London, United Kingdom
San Miguel, Peru
01 July 2020
Who better to protect the rainforest than the locals? This project enables Peruvian communities to use the land in sustainable ways, from extracting timber to growing cacao and developing rubber bio-textiles. By contributing, you’ll help conserve 119,837 hectares of threatened forest.
Nii Kaniti means ‘forest development’ in the local Peruvian language. Native communities are the second largest managers of forest land in Peru so they’re critical to the protection of forests, biodiversity, culture and climate. This land is highly vulnerable. ‘Slash and burn’ agriculture, land grabbing and illegal use of forest resources have all contributed to deforestation.
The project addresses the economic drivers of deforestation. It does this by developing both sustainable alternative land use and better land and forest management. Thanks to carbon credits issuance, the project rewards forest protection and encouraging activities such as agroforestry and reforestation with native wood species to help maintain primary forests and increase vegetation cover.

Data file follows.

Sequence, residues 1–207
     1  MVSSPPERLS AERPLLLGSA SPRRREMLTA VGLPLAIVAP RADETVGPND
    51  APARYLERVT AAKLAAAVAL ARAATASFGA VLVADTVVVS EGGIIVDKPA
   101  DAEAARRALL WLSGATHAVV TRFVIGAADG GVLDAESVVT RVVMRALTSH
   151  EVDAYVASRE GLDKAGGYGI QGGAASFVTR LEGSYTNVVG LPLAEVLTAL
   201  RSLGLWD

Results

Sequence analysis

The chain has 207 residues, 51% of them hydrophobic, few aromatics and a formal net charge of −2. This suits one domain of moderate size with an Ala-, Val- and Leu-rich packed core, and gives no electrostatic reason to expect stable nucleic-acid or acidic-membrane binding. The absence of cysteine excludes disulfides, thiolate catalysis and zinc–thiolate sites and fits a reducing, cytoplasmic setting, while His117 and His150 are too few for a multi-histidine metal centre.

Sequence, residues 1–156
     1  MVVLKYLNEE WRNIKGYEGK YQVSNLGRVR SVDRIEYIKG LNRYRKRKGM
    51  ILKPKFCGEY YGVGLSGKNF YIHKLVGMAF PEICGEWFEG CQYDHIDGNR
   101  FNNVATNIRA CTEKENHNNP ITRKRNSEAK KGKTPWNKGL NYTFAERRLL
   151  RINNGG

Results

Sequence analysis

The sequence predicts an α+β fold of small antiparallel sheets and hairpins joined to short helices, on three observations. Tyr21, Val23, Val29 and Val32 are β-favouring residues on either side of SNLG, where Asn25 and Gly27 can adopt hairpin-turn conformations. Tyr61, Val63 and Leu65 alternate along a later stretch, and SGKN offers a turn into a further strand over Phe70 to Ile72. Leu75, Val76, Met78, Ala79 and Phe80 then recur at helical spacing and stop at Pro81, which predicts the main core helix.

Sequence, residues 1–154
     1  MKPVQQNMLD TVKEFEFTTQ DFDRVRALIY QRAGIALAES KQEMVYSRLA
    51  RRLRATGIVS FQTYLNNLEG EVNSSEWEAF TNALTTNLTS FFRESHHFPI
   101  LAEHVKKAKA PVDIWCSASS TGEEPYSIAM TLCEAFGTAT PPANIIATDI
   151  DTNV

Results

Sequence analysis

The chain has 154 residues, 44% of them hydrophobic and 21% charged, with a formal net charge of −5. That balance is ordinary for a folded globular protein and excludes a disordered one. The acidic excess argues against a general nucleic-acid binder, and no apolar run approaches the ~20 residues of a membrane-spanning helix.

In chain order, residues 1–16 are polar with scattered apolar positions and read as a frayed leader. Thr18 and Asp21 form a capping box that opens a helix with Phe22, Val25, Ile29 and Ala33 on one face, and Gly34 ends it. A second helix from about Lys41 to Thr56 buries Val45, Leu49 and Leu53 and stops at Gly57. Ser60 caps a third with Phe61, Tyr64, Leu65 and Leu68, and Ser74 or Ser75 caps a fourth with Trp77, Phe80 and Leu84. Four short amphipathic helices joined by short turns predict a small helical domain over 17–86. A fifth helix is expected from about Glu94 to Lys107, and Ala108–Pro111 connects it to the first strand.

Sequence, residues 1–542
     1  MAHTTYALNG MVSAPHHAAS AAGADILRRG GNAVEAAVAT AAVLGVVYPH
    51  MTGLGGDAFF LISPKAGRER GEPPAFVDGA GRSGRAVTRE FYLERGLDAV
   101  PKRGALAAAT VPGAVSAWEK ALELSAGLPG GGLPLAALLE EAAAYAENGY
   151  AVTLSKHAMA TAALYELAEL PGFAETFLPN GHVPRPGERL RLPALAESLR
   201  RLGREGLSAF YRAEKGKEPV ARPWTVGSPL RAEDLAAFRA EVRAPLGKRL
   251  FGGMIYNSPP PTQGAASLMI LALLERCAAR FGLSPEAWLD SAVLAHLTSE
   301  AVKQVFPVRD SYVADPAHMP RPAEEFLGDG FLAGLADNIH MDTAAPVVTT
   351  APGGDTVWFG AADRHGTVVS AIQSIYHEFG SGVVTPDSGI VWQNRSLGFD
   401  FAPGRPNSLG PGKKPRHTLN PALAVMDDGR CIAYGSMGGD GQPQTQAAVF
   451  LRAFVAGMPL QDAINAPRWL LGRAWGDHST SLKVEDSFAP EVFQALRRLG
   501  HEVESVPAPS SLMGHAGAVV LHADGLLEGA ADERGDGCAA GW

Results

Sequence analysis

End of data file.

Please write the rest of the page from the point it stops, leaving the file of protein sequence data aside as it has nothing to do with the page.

By protecting 119,837 hectares of critical rainforest ecosystem, the project will avoid 2.7 million tCO2e of emissions by 2021. Not only that, but more than 2,000 women and 550 families will have a better livelihood thanks to the income generated from carbon credits for the project activities. And, through better forest governance, tropical rainforest habitat is being conserved. That means local flora and fauna are being protected, including three threatened species – the jaguar, blue-headed macaw and the tapir.
Everything you want to know about this project, at a glance.